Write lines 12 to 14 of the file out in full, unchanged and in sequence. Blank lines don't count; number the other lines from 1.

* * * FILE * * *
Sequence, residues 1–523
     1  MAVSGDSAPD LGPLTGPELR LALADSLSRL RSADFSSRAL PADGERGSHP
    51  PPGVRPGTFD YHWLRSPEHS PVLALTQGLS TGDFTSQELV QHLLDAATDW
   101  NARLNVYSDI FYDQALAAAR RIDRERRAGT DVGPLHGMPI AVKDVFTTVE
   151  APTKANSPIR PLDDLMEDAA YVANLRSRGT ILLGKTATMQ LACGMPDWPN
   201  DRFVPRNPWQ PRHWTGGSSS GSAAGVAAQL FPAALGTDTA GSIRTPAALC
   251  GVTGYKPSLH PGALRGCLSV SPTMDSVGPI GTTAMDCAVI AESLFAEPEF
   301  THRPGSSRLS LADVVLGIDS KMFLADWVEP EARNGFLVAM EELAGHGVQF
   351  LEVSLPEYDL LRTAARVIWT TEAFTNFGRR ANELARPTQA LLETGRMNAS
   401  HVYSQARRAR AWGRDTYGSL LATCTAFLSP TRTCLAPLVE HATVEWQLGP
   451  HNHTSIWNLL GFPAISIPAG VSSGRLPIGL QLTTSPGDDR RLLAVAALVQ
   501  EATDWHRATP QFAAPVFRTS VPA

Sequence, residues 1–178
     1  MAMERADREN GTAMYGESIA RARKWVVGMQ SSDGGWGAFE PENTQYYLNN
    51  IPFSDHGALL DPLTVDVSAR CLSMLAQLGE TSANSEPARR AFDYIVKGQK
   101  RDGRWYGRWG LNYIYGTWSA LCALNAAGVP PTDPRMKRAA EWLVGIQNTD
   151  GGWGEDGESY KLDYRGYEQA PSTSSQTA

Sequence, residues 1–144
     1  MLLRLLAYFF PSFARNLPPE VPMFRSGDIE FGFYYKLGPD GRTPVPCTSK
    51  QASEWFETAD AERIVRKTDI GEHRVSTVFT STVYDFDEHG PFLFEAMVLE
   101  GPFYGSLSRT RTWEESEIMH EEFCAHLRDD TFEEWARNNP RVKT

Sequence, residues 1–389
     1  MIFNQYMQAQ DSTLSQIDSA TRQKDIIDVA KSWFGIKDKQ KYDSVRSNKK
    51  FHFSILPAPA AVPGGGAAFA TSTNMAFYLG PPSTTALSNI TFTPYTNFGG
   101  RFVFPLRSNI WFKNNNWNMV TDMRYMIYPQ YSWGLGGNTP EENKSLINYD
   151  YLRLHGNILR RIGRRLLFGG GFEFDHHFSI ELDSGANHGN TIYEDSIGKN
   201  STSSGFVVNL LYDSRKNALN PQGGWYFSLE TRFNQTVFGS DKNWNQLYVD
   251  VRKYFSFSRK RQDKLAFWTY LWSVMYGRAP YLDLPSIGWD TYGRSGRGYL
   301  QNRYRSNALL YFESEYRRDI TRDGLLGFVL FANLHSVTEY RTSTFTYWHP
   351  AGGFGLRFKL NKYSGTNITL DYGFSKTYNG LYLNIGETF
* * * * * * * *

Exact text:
   501  EATDWHRATP QFAAPVFRTS VPA

Sequence, residues 1–178
     1  MAMERADREN GTAMYGESIA RARKWVVGMQ SSDGGWGAFE PENTQYYLNN